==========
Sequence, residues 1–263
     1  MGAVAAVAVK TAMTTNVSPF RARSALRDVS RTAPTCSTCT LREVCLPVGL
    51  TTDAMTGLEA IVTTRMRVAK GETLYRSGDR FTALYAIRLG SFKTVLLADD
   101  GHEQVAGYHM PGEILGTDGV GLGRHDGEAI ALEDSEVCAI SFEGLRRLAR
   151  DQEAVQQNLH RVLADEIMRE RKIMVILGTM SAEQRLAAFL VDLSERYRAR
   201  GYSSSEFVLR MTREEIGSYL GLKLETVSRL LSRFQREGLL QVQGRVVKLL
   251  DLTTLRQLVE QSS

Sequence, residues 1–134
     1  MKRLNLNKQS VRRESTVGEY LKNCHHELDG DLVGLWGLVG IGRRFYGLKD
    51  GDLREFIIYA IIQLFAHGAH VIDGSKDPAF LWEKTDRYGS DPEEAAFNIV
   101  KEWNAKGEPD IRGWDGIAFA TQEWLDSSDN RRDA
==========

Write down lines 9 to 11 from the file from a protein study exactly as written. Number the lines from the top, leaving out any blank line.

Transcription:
     1  MKRLNLNKQS VRRESTVGEY LKNCHHELDG DLVGLWGLVG IGRRFYGLKD
    51  GDLREFIIYA IIQLFAHGAH VIDGSKDPAF LWEKTDRYGS DPEEAAFNIV
   101  KEWNAKGEPD IRGWDGIAFA TQEWLDSSDN RRDA